Government of British Columbia
22 Sep 14:00 — 14:45
About the session
Co-design and co-production have become the standard approach for high quality service design work, and for good reason. Sharing decision-making power with the people affected by the service is crucial to ethical, equitable and inclusive service design.
But let’s be honest – many of us working in government have never actually done true co-design. It’s not our fault, and we may not be able to change it. But is there anything we can do to shift the power balance in service design towards users, in a meaningful way?
This talk will explore why co-design is difficult and maybe even impossible in many government settings, and we will share stories, ideas and advice on how to move the needle toward meaningfully sharing power with our users.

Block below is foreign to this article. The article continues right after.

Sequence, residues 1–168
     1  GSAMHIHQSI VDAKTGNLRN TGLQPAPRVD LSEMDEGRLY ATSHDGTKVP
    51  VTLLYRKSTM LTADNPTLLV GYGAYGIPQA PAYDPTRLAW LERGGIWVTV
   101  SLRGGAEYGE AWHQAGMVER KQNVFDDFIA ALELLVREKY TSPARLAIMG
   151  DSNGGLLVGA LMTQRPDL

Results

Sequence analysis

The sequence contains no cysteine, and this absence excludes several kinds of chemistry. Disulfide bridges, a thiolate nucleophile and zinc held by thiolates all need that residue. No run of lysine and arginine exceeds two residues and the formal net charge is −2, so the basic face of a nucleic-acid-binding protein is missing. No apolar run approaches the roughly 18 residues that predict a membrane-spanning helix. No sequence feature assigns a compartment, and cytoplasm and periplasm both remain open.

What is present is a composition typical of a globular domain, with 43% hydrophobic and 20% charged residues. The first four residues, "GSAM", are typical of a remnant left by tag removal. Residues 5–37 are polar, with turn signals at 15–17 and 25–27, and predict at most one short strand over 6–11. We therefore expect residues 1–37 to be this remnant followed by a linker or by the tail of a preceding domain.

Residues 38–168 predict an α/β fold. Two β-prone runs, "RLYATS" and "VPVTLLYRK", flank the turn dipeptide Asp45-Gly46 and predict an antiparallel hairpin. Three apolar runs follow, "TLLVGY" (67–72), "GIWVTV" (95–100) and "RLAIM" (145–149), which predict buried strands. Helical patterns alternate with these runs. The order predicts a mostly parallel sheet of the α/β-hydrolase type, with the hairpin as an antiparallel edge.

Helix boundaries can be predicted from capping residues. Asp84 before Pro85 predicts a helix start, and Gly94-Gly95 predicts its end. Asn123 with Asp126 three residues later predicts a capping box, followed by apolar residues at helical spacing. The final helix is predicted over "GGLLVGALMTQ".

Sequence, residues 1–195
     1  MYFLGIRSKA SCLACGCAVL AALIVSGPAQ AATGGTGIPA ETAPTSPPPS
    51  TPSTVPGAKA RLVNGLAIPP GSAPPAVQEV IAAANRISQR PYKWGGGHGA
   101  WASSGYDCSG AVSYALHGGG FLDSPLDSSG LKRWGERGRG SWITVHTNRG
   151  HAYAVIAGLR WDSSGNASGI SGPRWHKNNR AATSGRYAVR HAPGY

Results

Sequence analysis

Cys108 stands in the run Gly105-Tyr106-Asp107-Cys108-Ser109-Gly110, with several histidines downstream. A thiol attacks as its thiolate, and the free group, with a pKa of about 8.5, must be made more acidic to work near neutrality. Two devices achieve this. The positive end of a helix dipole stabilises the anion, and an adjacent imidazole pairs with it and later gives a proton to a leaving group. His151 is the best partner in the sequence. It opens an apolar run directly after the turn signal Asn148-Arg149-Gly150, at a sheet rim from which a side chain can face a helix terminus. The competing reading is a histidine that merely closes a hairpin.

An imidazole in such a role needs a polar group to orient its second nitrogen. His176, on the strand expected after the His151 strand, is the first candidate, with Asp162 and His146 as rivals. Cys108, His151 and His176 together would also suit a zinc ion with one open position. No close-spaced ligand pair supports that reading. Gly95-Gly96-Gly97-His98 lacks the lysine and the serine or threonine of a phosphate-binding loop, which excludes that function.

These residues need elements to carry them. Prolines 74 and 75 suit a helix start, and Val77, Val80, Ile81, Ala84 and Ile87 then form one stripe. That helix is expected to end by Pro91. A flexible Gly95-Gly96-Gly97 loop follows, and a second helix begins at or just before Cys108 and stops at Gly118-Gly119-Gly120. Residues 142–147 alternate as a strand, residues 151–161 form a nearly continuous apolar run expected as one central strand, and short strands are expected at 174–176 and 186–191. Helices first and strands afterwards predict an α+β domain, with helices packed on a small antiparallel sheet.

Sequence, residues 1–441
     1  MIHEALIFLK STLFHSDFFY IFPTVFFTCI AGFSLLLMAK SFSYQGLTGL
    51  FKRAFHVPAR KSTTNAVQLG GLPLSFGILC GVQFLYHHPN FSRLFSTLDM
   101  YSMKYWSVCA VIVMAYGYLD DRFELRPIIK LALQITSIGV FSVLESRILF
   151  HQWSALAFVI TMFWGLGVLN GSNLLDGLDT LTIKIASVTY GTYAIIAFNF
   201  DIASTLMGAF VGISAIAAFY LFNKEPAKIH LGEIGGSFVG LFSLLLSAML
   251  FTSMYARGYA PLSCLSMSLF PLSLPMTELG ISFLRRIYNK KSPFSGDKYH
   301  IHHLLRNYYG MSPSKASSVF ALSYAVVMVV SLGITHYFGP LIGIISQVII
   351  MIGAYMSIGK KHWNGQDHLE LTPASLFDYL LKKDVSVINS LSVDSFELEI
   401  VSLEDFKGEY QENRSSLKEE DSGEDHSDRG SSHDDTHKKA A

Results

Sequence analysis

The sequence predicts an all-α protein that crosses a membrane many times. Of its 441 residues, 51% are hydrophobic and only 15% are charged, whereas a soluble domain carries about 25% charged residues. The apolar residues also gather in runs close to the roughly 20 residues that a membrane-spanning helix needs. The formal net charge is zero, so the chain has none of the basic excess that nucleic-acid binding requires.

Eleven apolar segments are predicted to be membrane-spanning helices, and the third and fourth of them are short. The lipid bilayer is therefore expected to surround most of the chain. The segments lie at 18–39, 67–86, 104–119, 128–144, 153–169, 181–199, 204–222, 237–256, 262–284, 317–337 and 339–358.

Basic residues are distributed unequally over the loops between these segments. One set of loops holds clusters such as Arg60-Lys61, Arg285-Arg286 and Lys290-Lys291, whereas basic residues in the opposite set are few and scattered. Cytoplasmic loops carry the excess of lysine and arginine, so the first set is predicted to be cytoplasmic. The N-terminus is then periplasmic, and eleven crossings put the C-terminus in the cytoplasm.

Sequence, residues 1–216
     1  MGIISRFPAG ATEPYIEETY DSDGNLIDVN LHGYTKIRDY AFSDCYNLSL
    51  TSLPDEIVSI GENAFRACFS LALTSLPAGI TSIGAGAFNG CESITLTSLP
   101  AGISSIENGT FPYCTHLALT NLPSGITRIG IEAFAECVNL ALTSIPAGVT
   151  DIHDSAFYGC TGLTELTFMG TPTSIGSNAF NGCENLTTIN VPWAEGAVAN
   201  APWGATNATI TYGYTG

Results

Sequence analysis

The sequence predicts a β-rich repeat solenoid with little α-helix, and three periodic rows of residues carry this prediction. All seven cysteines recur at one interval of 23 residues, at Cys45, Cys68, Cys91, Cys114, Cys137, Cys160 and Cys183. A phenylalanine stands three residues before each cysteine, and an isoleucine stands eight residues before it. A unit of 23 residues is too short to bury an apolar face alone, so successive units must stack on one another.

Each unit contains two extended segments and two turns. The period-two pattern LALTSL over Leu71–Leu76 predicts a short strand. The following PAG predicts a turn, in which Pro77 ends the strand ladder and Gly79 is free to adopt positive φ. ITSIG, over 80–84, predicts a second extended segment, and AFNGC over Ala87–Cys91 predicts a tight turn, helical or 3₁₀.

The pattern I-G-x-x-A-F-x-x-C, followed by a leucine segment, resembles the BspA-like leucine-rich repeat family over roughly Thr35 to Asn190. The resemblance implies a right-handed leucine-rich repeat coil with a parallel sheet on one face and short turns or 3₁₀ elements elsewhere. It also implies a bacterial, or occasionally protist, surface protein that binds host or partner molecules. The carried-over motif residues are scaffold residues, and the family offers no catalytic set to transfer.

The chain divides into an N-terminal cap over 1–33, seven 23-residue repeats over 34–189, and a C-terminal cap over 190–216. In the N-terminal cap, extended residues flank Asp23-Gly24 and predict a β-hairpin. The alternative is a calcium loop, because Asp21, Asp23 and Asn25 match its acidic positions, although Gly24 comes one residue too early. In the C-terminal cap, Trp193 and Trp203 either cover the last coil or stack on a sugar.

- Why doing co-design in government is really hard (it’s not just you, and it’s not your fault).
- What conditions are needed for a co-design practice to thrive in a government setting.
- What’s blocking us from sharing power in a meaningful way.
- How we can work within these constraints to do meaningful service design work and shift power structures in a positive and more equitable direction.
International, co-design, inclusive design, culture, service design, power structure, equity, user experience.